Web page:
Optical Sciences

Biomolecules and nanostructures

The Optical Sciences group studies the interaction of light and matter at the nanoscale. We do this by exploring ways to shape light and its environment. It's what we call active and passive control. Our current focus is on the interaction of light with biomolecules and nanostructures. We are part of Twente University's Department of Science and Technology and member of the MESA+ institute.
We participate in the EU-COST actions MP1102: Coherent Raman microscopy (MicroCor) and CM1202: Supramolecular photocatalytic water splitting (PERSPECT-H2O)

 

Coupling of Er ions to surface plasmons on Ag

(full pdf)

J. Kalkman, L. Kuipers, and A. Polman FOM Institute for Atomic and Molecular Physics, H. Gersen University of Twente
Applied Physics Letters
vol 86 p041113 jan 24 2005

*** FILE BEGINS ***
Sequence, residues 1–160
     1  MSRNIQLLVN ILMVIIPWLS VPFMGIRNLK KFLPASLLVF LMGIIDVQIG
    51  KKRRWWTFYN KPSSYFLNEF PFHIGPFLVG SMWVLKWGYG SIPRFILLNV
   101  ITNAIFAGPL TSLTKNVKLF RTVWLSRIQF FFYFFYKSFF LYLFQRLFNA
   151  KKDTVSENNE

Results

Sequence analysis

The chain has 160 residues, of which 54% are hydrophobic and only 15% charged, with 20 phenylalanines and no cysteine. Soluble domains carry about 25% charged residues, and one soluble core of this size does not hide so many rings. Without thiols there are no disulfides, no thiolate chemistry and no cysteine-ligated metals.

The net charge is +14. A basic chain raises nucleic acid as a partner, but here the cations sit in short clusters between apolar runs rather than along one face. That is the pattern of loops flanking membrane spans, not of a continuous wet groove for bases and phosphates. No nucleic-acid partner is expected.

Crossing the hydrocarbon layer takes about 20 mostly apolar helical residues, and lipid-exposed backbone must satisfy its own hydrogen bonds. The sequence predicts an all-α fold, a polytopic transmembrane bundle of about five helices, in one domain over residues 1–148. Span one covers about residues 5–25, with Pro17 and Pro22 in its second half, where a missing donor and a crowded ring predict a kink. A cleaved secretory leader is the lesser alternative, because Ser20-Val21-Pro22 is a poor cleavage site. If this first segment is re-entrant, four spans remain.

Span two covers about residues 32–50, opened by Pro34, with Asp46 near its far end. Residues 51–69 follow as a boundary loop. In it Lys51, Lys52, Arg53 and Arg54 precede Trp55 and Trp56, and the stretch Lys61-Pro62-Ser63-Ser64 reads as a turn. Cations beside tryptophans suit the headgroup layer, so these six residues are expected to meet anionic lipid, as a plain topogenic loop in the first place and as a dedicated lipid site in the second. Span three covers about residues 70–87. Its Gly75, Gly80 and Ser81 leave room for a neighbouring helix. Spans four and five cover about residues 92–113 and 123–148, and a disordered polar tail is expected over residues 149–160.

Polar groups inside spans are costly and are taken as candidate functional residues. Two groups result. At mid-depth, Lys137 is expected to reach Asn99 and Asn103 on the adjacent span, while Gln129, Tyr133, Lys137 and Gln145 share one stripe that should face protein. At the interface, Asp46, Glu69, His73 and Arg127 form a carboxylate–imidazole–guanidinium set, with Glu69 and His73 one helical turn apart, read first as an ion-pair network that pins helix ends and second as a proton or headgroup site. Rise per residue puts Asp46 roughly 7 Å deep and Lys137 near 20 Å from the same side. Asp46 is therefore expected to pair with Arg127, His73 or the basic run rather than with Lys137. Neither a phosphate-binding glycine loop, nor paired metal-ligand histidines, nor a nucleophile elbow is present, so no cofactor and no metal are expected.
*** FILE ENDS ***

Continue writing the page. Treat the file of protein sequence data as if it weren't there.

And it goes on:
Er3+ ions located 100 nm beneath the surface of silica glass show an enhanced photoluminescence decay rate when the glass is covered with Ag. Correcting for concentration quenching effects, the decay rate is enhanced by 70%, compared to the case without Ag. The data are in agreement with a model that takes into account variations in local density of states and excitation of surface plasmons and lossy surface waves, resulting in direct evidence for the efficient generation of surface plasmons by excited Er3+ ions. Using the model, optimum conditions for coupling to surface plasmons are derived, which can be used to enhance the emission rate and quantum efficiency of a wide range of Er-doped materials. Copyright 2005 American Institute of Physics.
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